Pictured below with the spiral car ramp, Detroit’s Cobo Center played host to the 1971 AIA National Convention, during which 12 African American designers founded NOMA. (Hiawatha Postcards)
National Organization of Minority Architects (NOMA)
Leveling the professional playing field
At the 1971 AIA National Convention in Detroit, a dozen African American architects met to discuss the state of the profession . . . and to address what the group felt was a continued failure to recognize racial and socioeconomic inequalities that shaped the built environment. Nearly three years after Whitney Young’s famous keynote speech at the AIA National Convention in Portland—in which he implored architects to remedy social issues and diversify the profession—few efforts were making strides in supporting minority architects working in minority communities. Discriminatory policies, not to mention the era’s ongoing racial intolerance, barred many minority architects from design and construction projects.
To move the profession forward, these dedicated architects would create the National Organization of Minority Architects (NOMA). Present at the fateful first meeting were William Brown, Leroy Campbell, Wendell Campbell, John S. Chase, James C. Dodd, Kenneth B. Groggs, Nelson Harris, Jeh Johnson, E.H. McDowell, Robert J. Nash, Harold Williams, and Robert Wilson—all names that would rise in professional and civic notoriety in the decades to come.
“Recognizing that the ‘majority’ would not hear their cries of unfairness, the group organized into an entity, NOMA, which could voice their dissatisfaction more clearly and loudly,” read the organization’s nomination for the 2007 Whitney Young Award. “Even if their message continued to fall on deaf ears, as a group, they could make significant strides towards leveling the playing field.”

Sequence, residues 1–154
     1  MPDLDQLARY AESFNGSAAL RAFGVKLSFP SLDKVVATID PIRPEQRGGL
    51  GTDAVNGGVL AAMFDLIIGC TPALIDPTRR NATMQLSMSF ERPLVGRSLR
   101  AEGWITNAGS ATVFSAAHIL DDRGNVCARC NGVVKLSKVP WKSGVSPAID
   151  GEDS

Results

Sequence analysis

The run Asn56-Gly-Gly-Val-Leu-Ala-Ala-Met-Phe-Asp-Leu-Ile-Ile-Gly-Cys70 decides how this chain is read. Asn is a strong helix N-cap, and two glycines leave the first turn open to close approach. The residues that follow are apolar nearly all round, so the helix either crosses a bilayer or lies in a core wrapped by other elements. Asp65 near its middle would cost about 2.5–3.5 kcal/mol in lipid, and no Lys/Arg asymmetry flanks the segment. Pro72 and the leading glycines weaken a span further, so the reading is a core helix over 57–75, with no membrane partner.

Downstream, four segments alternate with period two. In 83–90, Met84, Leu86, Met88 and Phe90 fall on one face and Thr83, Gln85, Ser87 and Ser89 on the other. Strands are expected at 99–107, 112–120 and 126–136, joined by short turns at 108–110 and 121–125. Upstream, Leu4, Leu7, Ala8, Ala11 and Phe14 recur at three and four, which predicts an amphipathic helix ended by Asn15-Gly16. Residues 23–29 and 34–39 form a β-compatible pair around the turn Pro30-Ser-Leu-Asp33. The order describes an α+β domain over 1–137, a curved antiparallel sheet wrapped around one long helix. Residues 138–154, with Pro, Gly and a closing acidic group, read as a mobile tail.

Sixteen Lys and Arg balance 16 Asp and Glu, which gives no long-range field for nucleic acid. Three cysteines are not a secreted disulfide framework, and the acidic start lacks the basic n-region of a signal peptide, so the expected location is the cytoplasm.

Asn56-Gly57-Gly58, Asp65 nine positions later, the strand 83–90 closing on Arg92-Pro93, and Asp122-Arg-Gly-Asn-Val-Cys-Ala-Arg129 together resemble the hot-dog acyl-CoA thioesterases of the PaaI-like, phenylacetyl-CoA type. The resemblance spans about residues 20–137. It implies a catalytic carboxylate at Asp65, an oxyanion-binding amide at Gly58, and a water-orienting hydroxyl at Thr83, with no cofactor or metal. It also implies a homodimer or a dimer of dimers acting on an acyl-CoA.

Today, NOMA has become an influential voice in architecture, supporting the work and social activism of minority design professionals. With more than 30 chapters nationwide, NOMA leaders push for increased diversity at schools of architecture and help foster access to government policymakers. The organization produces a magazine to highlight current struggles within the field of architecture, celebrate the accomplishments of its members, and further cement the legacies of pioneering architects of color. NOMA, in partnership with AIA, also remains committed to emerging minority designers through scholarships, mentorships, and competitions. For its efforts, the organization received the 2007 Whitney Young Award.